Elderly individuals who had a diet that included higher consumption of fruits, vegetables, legumes, cereal and fish and was low in red meat and poultry and who were physically active had an associated lower risk of Alzheimer disease, according to a study in the August 12 issue of JAMA. In a second study, higher adherence to a Mediterranean diet was associated with slower cognitive decline, but was not associated with a decreased risk of dementia.
Research regarding the effect physical activity can have on the risk of Alzheimer disease (AD) or dementia has shown mixed results, as has the effect of dietary habits. Their combined association has not been investigated, according to background information in the article.
Nikolaos Scarmeas, M.D., of Columbia University Medical Center, New York, and colleagues examined the association between physical activity and risk of AD and also the effect of physical activity and adherence to a Mediterranean-type diet on AD risk. The study included 2 groups that consisted of 1,880 community-dwelling elderly residents of New York city without dementia at the start of the study, for whom there was both diet and physical activity information available. Standardized neurological and neuropsychological measures were administered approximately every 1.5 years from 1992 through 2006.
The participants received measurements of their adherence to a Mediterranean-type diet (scale of 0-9; categorized as low, middle, or high) and their physical activity (sum of weekly participation in various physical activities, weighted by the type of physical activity [light, moderate, vigorous]; categorized into no physical activity, some, or much, also low or high), separately and combined. A higher score for diet was obtained with higher consumption of fruits, vegetables, legumes, cereals, and fish; lower consumption of meat and dairy products; a higher ratio of monounsaturated fats to saturated fats and mild to moderate alcohol consumption.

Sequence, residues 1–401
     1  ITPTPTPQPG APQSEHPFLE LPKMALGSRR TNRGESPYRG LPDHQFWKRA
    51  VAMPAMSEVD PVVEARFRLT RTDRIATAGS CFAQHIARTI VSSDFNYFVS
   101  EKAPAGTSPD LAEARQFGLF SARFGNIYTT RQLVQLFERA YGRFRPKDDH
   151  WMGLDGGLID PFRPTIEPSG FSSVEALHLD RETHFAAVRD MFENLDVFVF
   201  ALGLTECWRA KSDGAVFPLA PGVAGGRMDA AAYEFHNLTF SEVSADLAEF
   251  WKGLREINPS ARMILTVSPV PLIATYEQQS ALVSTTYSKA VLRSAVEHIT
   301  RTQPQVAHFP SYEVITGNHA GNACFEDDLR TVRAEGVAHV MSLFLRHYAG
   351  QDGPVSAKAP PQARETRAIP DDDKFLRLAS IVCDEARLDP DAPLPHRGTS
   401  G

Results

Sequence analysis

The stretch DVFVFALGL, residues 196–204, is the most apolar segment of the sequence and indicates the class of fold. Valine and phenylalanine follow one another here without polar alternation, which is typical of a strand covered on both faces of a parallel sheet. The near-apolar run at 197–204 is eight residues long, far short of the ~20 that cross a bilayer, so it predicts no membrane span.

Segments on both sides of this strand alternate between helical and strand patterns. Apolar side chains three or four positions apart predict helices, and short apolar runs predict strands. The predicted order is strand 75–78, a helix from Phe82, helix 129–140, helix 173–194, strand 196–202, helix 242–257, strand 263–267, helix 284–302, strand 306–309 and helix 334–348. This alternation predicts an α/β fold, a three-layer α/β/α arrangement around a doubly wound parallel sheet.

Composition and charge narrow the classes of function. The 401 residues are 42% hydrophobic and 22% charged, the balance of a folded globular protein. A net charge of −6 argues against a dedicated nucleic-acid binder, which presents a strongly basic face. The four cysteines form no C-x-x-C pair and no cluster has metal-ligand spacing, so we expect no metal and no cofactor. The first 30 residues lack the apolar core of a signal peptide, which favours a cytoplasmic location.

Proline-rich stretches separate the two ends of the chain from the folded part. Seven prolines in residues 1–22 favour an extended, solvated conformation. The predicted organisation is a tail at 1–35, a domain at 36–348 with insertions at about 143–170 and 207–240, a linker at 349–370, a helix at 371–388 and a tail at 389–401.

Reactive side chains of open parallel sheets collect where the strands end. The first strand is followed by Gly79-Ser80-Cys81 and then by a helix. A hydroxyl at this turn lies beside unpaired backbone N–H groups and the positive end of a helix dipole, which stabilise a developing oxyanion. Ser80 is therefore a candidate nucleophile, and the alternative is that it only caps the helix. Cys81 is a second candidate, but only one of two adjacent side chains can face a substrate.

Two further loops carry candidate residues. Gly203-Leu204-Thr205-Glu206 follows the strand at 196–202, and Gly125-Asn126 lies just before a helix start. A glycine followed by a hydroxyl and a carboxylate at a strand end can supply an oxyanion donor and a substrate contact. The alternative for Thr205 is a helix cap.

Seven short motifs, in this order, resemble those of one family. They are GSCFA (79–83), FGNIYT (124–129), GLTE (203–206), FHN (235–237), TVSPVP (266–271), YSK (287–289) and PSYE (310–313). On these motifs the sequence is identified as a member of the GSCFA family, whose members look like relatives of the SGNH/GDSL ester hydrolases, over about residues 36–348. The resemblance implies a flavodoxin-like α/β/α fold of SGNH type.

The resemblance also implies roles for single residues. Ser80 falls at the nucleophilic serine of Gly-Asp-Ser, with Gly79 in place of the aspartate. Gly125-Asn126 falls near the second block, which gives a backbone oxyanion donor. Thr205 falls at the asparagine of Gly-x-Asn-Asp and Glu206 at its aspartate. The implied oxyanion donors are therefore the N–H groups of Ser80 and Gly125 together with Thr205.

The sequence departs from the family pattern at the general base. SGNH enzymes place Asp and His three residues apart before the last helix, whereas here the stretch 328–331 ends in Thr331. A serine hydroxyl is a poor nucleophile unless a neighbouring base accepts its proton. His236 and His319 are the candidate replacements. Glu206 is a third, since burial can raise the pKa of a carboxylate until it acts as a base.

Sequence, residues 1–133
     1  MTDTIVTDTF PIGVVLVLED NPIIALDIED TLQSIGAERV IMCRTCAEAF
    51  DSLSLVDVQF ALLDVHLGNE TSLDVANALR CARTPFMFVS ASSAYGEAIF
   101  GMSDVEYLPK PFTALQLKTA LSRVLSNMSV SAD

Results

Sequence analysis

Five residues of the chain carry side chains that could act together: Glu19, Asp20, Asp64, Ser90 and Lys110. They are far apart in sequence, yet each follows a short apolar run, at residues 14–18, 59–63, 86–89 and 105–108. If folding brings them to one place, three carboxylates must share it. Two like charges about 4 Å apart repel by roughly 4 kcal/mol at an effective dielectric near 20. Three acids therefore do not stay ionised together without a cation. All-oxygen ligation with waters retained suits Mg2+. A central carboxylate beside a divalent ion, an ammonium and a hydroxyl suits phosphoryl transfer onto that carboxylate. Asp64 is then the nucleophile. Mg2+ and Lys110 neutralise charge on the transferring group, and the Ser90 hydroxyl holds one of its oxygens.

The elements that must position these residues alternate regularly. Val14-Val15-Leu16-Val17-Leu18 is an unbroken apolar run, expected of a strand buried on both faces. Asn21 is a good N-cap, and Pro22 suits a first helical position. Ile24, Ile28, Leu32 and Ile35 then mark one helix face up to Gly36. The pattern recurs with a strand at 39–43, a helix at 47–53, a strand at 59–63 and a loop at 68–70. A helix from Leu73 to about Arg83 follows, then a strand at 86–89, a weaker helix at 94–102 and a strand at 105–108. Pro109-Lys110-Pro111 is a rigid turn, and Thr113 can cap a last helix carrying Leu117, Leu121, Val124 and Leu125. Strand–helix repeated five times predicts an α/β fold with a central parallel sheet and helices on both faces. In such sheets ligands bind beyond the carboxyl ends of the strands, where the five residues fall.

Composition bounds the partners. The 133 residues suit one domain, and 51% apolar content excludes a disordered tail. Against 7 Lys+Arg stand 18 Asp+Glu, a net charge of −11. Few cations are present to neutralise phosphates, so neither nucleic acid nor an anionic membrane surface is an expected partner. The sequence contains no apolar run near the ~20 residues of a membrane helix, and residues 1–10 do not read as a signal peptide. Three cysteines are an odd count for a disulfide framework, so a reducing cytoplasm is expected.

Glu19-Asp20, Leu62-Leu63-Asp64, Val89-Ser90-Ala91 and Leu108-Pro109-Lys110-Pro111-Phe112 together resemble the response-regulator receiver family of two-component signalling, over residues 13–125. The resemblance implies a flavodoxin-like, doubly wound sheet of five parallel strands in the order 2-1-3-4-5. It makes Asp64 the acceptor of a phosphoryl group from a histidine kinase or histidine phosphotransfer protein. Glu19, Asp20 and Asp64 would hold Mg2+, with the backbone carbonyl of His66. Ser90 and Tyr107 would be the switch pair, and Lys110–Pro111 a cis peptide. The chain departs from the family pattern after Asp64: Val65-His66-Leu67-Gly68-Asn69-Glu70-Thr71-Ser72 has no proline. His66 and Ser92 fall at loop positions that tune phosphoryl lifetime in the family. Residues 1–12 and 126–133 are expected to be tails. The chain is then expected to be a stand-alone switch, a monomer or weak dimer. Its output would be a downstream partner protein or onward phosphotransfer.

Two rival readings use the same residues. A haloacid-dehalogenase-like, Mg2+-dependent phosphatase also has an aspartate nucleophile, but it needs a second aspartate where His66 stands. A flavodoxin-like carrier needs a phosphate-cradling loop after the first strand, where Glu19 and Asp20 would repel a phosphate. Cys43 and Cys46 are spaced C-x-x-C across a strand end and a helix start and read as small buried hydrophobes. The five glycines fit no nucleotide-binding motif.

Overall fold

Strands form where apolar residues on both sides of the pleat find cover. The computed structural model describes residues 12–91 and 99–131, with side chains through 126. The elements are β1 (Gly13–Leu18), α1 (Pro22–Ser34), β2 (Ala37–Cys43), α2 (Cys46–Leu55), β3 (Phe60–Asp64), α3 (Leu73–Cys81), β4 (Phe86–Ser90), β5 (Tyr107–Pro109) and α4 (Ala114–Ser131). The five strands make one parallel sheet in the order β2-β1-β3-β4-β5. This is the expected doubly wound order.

Individuals were followed up for an average of 5.4 years, during which a total of 282 developed AD. In considering only physical activity, the researchers found that more physical activity was associated with lower risk for developing AD. “Compared with physically inactive individuals, report of some physical activity was associated with a 29 percent to 41 percent lower risk of developing AD, while report of much physical activity was associated with a 37 percent to 50 percent lower risk,” the authors write.
When considered simultaneously, both physical activity and Mediterranean diet adherence were significantly associated with AD incidence. According to the researchers, “Belonging to the middle diet adherence tertile was associated with a 2 percent to 14 percent risk reduction, while belonging to the highest diet adherence tertile was associated with a 32 percent to 40 percent reduced risk. Similarly, compared with individuals with no physical activity, individuals reporting some physical activity had a 25 percent to 38 percent lower risk for AD, while individuals reporting much physical activity had a 33 percent to 48 percent lower risk for AD.”
The authors also write, “Compared with individuals with low physical activity plus low adherence to a diet (absolute AD risk, 19 percent), high physical activity plus high diet adherence was associated with a 35 percent to 44 percent relative risk reduction (absolute AD risk, 12 percent). … Absolute AD risks declined from 21 percent in the group with no physical activity plus low diet adherence to 9 percent in the group with much physical activity plus high diet adherence.”
“In summary, our results support the potentially independent and important role of both physical activity and dietary habits in relation to AD risk. These findings should be further evaluated in other populations.”